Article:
heartbeat.
As one player was getting
shaved, others teased him about
his chances with girls. But
teasing aside, they enjoyed Root
watching as they buzzed off
their hair.
"With Miles here, it not
only helps me, but the team
also," Brown said. "There's
team bonding all over, and
it's unbelievable how this
simple action can get so much
laughing, but also shows a lot of
support for his family, which is
awesome."
Root's presence is recognized
every day by each team member,
and it's allowing him to be part
of something that was taken
from him. For now, sports canbe
a part of Root's life once again.

Senior defensive midfielder Jeff Chu and the Michigan men's lacrosse team shaved their heads in solidarity last Saturday in order to promote cancer awareness.

knew he wanted to get involved.
"I wanted to help and show
support to kids with cancer,"
Chu said. "A lot of athletes get to
go to Mott Children's Hospital
on Thursday nights, and that
was something I always really
enjoyed. So I thought that this
would be something we would
enjoy."
The University's partnership
with the Friends of Jaclyn
program made Chu's aspirations
tangible. The program - with
a mission "to help improve the
quality of life of children and
their families battling pediatric
brain tumors" - accomplishes
its purpose by placing children
on sports teams based on
geographical proximity to the
hospital.
The Friends of Jaclyn
program then reached out to

the lacrosse program about the most part, have everything
adopting Root. The decision going well in their lives," said
was easy: The 9-year-old would Michigan coach John Paul.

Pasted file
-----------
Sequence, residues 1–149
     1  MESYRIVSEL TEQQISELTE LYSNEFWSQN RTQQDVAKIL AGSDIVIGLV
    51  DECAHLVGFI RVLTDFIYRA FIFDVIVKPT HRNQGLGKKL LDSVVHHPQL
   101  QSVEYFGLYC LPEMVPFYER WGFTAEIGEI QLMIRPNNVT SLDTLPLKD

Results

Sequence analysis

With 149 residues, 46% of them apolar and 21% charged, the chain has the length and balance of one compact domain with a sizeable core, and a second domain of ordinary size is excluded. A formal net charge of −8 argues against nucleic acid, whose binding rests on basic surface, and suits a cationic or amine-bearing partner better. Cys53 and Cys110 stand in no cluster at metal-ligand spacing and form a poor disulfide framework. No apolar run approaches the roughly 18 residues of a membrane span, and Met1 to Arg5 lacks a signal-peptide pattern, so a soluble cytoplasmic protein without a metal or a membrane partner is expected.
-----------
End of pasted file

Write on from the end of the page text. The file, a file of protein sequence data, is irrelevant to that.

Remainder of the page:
become the team's newest "This really puts in perspective
member. that whatever problems you
"No have, they
questions often pale in
asked," said perspective to
sophomore "Being involved other things
long stick people are
midfielder in a sport again going through.
Chase Brown. Our team
"It was the is the best part has really
least we could embraced that,
do to show our for him ." and it has had
support." a tremendous
Though impact."
Root can't Added
physically help the team, his Chu: "We as athletes have a
presence has been emotionally really unique platform, and
beneficial to the Wolverines. we can touch a lot of lives, and
"He and his family helped sometimes it's easy to lose sight
put a lot of things in perspective of that. But with Miles on our
to a lot of young men who, for team, and when we bring him

to the locker room, it brings the
team back down to earth and
puts things into perspective."
Educating the team about
his illness isn't the only way
Root interacts with the team.
Michigan lets Rootlead the team
in stretches and participate in
practice.
Before the annual Maize vs.
Blue scrimmage, Root was given
the opportunity to put on a maize
jersey to be on the offensive